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Publication numberUS864579 A
Publication typeGrant
Publication dateAug 27, 1907
Filing dateOct 20, 1906
Priority dateOct 20, 1906
Publication numberUS 864579 A, US 864579A, US-A-864579, US864579 A, US864579A
InventorsWilhelm Gottlob Volz
Original AssigneeWilhelm Gottlob Volz
Export CitationBiBTeX, EndNote, RefMan
External Links: USPTO, USPTO Assignment, Espacenet
Water-meter.
US 864579 A
Abstract  available in
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Claims  available in
Description  (OCR text may contain errors)

N. 864579 PATENTED AUG. 27, 1907v W. G. VOLZ.

WATER METER.

APPLIGATION FILED 0O'l.20. [MW

INVENTQR,

WLHELM GQTTLQBVOLZ, E BY savam w g Actcrrue g- PATENT OFFICE.

WILHELM GOTTLOB VOLZ, OF STUTTGART, GERMANY.

WATER-METER.

Specification of Letters Patent.

Patented Aug. 27, 1907.

Application filed October 20, 1906. Serial No. 339,772.

To all whom it may concern:

Be it known that I, WILHELM GoTTLoB VOLZ, a citizen of the German Empire, residing at Stuttgart, in the Kingdom of Wiirtemberg, Empire of Germany, have invented certain new and useful Improvements in Water-Meters, of which the following is a description, reference being had to the accompanying drawing and to the letters and figures of reference marked thereon.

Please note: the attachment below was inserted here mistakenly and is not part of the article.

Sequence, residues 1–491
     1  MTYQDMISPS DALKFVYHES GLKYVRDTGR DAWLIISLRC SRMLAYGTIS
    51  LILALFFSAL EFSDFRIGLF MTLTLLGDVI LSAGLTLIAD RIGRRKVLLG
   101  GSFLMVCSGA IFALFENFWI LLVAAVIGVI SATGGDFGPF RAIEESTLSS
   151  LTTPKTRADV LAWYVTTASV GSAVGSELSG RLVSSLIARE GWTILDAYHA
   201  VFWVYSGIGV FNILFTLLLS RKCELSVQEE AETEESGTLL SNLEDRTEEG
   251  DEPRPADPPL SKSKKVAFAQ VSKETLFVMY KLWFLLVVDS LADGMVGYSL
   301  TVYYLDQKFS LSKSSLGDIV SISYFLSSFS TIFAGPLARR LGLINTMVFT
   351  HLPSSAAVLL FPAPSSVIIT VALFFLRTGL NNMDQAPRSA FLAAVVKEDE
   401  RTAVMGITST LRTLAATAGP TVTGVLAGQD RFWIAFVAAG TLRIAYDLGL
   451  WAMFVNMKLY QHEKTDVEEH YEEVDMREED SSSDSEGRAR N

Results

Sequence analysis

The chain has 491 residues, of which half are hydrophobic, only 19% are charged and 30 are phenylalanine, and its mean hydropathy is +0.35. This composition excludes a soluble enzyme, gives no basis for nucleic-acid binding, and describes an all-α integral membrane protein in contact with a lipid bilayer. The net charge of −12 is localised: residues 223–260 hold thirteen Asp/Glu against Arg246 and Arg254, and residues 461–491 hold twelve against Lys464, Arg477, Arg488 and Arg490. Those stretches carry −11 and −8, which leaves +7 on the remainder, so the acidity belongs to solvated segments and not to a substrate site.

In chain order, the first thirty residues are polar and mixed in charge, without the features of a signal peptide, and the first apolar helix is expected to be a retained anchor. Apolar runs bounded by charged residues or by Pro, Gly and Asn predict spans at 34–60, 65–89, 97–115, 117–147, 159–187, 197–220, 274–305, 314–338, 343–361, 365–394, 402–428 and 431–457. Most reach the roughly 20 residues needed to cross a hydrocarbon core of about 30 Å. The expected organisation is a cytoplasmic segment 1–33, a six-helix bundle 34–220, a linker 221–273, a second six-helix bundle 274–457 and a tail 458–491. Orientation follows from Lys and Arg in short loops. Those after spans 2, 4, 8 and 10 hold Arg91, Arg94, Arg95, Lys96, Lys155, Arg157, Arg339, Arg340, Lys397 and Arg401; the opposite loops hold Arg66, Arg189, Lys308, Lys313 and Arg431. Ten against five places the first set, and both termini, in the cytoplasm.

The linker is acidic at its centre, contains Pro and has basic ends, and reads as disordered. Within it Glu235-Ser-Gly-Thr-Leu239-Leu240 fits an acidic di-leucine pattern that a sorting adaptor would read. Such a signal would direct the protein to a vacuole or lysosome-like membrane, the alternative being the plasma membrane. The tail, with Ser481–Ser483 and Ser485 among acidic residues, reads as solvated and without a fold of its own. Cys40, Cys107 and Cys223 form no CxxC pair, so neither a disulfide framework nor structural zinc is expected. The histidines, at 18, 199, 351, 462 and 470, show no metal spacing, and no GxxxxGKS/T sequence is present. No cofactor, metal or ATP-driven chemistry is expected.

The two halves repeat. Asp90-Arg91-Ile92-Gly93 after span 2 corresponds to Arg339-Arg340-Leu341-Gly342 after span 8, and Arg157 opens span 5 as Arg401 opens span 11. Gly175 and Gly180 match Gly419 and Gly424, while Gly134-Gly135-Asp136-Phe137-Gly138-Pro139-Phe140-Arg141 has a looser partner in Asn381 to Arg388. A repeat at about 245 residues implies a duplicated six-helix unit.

This invention has for its object a water meter with magnetically operated indicating mechanism, in which the numerous drawbacks which such apparatus have hitherto shown, are avoided. Above everything incorrect registrations frequently take place which arise substantially from the magnetic action of the magnet hitherto employed which is of comparatively small dimensions not passing in suflicient-strength through the partition, which is a non-conductor of magnetism, which separates the indicating mechanism from the water chamber, to transmit the movement of the float or paddle wheel in a sure manner correctly to the indicator. The arrangement of a larger number of more powerful magnets is on the other hand too complicated and expensive and also their weight is so great that thereby the sensitiveness of the water meter is considerably affected. The registrations may also be wilfully interfered with as the magnet arranged in the dry chamber is able to be attracted or held up from the outside by means of a powerful magnet, while the bucket wheel itself continues to work, that is to say water might be withdrawn from the pipe unregistered. The drawback also exists that the magnets made of hard steel rapidly rust in the water chamber, and then only work irregularly, or gradually cease to exert any action. A drawback in water meters also consists in the difliculty of adjusting or regulating the quantity of the water flowing through, both forward and backward, which has hitherto been effected by special adjustments of the bars provided for. this object above and below the bucket or paddle wheel. Of course thisarrangement is extremely inconvenient and an exact adjustment can only be at tained with difficulty.